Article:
Ryan Lee is a hot mess.
In another lifetime, Ryan had it all. He was a child star in one of the biggest sitcoms on the planet. Now he’s an adult, unemployed, and a poster child for bad decisions. Okay, so he hasn’t robbed a convenience store yet, but only because he’s always either too high or too hungover. When the opportunity to film a reunion show comes up, Ryan jumps at the chance. He needs the money, but more than that, it might be what he needs to drag his career—and himself—out of the gutter.
Except seeing his former onscreen family again means seeing Chase Ellis–the guy who destroyed Ryan’s career by leaving the show, and the first boy Ryan ever kissed. Back when Ryan believed in fairytales, he thought he was in love with Chase, and the reunion brings all those old feelings racing back. But it drags up old secrets too. Ryan’s about to learn that, when it comes to Hollywood, the only happy endings are the ones that take place on screen.
Then again, maybe it isn’t a happy ending Ryan needs. Maybe it’s a new beginning.
Washed Up Former Child Star Ryan Lee is a standalone contemporary m/m second chance romance.
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An excerpt from Washed Up Former Child Star Ryan Lee:
WASHED UP FORMER CHILD STAR RYAN LEE SPOTTED ENTERING TREATMENT FACILITY.
In a Toyota Corolla, which was the worst part.
I tapped my fingers on the top of the steering wheel while I sat in the parking lot, then drew a breath and reached for the baseball cap on the front passenger seat. I put it on along with my sunglasses, and flipped the shade down to take a look at my reflection. Stubble, sunglasses, scowl. The uniform of every incognito celeb in the world. The question was, would I feel more like a dick if I was photographed like I still thought I was someone, or if nobody paid me any attention at all? There’s nothing more pathetic than someone who makes a whole song and dance about “How dare you invade my privacy? How dare you even look at me?” and the paps are like, “Who the fuck are you?”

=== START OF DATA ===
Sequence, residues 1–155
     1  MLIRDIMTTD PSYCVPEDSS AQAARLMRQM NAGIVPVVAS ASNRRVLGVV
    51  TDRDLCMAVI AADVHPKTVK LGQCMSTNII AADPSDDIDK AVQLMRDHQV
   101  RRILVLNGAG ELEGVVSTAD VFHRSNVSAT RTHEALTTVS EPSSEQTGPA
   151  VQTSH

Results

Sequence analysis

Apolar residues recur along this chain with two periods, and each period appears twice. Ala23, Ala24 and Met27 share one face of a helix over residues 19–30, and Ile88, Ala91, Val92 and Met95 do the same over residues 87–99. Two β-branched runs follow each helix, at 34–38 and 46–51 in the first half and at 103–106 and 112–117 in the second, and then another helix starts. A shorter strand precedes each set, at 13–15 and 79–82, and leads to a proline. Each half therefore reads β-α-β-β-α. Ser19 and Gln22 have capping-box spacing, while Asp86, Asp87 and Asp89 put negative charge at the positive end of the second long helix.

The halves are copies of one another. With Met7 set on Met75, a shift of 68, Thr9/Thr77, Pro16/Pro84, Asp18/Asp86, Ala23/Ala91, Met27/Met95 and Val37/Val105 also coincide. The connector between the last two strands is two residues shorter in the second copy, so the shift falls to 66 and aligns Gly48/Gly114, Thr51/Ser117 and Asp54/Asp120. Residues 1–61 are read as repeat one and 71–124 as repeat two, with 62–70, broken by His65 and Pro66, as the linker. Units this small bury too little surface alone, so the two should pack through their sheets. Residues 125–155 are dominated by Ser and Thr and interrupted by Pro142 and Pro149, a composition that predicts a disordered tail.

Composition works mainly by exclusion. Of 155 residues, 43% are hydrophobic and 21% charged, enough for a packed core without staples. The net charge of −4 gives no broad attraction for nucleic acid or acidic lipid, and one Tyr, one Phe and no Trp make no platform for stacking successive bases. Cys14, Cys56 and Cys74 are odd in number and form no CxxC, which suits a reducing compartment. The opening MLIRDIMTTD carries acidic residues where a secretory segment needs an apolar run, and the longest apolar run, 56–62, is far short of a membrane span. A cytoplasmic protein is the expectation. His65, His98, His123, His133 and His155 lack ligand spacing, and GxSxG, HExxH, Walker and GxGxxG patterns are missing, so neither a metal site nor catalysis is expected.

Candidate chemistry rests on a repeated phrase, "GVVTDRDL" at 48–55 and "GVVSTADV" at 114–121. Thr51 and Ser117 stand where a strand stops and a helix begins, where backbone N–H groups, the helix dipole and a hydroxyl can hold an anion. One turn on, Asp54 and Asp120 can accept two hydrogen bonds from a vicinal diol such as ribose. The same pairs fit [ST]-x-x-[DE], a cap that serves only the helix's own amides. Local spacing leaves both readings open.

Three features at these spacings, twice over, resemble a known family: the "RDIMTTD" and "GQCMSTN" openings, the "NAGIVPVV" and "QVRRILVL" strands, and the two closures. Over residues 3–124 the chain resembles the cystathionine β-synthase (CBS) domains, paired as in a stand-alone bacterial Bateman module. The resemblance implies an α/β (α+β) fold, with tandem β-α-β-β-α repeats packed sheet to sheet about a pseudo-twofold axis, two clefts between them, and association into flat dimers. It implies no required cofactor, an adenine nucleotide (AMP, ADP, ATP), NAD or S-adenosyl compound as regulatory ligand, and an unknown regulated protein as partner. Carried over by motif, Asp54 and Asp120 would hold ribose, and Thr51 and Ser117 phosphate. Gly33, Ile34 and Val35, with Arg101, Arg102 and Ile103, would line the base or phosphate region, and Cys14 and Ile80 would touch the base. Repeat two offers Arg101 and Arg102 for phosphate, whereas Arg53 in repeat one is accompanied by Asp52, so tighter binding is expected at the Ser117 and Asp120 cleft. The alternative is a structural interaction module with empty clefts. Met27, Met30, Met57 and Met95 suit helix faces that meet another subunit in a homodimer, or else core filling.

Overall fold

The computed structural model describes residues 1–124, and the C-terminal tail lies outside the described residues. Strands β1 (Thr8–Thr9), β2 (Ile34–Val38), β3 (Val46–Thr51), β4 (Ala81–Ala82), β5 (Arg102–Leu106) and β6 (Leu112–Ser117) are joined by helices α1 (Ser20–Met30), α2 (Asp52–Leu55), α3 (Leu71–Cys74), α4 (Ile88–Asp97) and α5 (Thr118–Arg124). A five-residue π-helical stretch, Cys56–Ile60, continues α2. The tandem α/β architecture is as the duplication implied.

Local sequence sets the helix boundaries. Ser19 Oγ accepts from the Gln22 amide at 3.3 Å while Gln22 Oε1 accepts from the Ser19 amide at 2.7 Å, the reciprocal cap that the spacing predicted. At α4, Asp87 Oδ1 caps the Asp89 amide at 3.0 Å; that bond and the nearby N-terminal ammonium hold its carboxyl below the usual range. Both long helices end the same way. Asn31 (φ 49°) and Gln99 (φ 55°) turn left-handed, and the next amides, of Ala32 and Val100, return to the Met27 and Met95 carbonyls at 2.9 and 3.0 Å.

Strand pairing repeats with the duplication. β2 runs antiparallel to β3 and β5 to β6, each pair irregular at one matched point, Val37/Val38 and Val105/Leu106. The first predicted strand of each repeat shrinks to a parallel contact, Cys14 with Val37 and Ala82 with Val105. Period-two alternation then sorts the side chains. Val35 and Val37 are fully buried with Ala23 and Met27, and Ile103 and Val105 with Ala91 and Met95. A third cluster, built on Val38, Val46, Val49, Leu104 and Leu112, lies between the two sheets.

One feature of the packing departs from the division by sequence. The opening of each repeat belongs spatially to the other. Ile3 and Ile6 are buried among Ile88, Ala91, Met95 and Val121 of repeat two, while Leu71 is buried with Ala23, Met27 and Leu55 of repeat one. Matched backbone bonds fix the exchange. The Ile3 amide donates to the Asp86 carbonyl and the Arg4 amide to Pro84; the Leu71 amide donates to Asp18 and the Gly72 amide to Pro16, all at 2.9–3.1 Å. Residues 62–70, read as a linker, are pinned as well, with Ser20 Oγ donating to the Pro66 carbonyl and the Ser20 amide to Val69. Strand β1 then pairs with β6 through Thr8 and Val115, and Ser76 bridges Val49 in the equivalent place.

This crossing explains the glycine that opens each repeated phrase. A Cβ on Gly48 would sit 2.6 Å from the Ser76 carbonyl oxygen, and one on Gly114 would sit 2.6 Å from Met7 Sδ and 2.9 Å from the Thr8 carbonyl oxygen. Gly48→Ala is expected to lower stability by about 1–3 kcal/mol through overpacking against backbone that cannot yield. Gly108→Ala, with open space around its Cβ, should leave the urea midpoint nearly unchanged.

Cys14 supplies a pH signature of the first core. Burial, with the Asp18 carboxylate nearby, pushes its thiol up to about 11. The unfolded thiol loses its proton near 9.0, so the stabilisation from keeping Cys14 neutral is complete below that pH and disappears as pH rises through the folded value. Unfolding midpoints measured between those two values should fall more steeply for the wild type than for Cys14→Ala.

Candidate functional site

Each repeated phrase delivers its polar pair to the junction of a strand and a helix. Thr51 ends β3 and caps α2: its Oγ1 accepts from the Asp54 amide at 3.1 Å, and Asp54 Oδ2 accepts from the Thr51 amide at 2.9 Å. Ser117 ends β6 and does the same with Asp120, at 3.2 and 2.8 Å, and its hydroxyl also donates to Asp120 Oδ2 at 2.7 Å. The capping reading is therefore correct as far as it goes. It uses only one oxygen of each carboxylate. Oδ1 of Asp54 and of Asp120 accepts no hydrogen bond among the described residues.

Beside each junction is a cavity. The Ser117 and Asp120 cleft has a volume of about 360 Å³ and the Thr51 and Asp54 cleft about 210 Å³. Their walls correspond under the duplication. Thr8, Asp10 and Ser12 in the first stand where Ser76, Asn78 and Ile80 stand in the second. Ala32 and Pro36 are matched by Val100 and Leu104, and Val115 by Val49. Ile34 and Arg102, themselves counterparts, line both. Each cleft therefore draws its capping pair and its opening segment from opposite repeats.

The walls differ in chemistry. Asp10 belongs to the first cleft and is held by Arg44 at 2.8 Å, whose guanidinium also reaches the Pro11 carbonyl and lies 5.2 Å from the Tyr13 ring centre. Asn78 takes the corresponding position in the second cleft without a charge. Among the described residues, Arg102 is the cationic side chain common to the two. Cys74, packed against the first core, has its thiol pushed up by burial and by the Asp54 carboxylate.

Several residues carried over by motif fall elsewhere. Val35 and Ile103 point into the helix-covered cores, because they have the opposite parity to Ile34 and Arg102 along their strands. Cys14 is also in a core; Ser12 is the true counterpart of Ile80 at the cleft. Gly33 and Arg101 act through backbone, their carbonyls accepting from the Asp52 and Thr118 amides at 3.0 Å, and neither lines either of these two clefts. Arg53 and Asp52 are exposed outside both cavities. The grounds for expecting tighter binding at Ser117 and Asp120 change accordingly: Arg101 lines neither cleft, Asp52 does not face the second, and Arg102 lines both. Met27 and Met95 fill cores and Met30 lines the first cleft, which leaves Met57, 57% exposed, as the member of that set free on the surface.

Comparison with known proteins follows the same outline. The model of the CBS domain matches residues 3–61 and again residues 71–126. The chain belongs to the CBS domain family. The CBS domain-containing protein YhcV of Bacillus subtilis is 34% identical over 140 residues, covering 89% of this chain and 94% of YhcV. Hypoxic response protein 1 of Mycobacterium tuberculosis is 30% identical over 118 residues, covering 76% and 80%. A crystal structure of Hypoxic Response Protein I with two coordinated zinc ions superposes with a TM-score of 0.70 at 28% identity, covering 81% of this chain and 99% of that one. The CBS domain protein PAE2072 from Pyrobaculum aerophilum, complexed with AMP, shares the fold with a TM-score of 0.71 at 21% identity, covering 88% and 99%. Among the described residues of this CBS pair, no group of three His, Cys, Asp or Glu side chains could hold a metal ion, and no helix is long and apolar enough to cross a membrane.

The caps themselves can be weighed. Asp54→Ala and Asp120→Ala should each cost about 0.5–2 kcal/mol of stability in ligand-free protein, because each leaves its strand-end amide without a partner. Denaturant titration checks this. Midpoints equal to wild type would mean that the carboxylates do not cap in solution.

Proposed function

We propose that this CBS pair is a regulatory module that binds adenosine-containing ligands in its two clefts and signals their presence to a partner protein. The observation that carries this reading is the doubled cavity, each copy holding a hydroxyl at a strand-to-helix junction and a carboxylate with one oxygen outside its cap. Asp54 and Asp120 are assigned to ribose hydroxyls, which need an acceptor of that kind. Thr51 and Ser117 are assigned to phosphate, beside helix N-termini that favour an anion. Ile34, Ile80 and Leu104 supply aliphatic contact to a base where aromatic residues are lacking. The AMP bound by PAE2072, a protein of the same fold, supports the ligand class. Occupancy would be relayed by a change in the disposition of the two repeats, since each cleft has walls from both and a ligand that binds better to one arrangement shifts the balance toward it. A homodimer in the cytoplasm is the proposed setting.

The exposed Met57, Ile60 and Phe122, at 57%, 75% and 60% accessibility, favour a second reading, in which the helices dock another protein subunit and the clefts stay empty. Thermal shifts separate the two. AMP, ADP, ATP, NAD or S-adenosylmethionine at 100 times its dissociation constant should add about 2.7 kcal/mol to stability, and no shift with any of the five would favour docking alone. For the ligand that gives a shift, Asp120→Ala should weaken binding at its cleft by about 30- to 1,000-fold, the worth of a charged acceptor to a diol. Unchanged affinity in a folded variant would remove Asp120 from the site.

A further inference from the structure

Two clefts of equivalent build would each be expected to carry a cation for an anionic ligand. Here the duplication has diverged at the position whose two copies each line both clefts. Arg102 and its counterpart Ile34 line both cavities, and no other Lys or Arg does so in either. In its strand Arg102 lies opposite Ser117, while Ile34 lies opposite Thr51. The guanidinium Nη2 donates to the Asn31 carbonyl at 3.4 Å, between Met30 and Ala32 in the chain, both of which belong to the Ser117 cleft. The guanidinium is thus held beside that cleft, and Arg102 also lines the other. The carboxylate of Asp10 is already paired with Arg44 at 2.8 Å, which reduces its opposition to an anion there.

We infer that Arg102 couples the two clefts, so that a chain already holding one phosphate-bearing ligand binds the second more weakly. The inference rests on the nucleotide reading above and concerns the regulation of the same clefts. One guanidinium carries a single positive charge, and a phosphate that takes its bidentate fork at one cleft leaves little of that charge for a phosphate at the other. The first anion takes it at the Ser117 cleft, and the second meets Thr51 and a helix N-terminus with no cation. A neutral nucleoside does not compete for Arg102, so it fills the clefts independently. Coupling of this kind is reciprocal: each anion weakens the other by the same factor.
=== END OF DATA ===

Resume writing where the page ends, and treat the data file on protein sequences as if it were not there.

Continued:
Ask me how I know.
Still, the headline scrolled by on the news ticker that lived rent free in my head, so I kept the cap and glasses on as I opened the car door and stepped out into the heat of the day.
The parking lot smelled like hot asphalt and dust. I squinted through my sunglasses at the view over the dusty hills to the haze of LA, where the city drowned in smog down by the water. The day was so bright that everything seemed faded and not quite real. Then again, things in LA had a way of never feeling quite real, even at their most visceral.
Kristen was waiting for me in reception. She looked smaller than usual, her mouth turned down as she plucked at the sleeve of her hoodie. Her lank hair was pulled back in a ponytail, the mousy brown roots showing. She brightened as she spotted me though, almost knocking over her suitcase when she stood up to hug me.
“Ryan!” She smelled like cigarettes and mint chewing gum. “I missed you!”
It had been a long thirty days.
“Missed you too.” I squeezed her hard. Kristen was my best friend. We’d first met when we were kids, in that fucking circus that was stage parents and the audition circuit, and met again years later, when my star had fizzled and died a sad, pathetic death, and hers had never ignited. She’d been one of those kids who’d been born for the stage—she lit up when she was performing—but it had never worked out for her. Hence the rehab, I guess, but pointing to one thing as the explanation she always ended up in rehab was like pointing at a single grain of sand on Santa Monica beach. We were both fuckups in our own wonderfully unique ways, and we both had so many reasons why that it was impossible to isolate a single one.
“Let’s get the fuck out of here,” she said.
We got the fuck out of there.
Two hours later we were home, in the single bedroom apartment we shared in Koreatown. Kristen had the bedroom, and I had the living room. The living room had been open plan, but we’d screened it off to leave ourselves a narrow space for the TV and the couch, and an even narrower one for my bed and a chest of drawers.
An hour after that we were out, hitting the clubs. Time got fuzzy at that point—everything did—and the news ticker in my head scrolled on by:
WASHED UP FORMER CHILD STAR RYAN LEE NEVER LEARNS.
It sure had my number, I thought as I threw up in a back alley, somewhere between a Dumpster and the slightly more secluded spot where Kristen was blowing some guy for GHB because we were celebrating, Ryan!
“Hey,” said the guy. “Weren’t you that kid? From that show? Say the thing, man. Come on, say it.”
I vomited again.
Yeah, it sure had my number.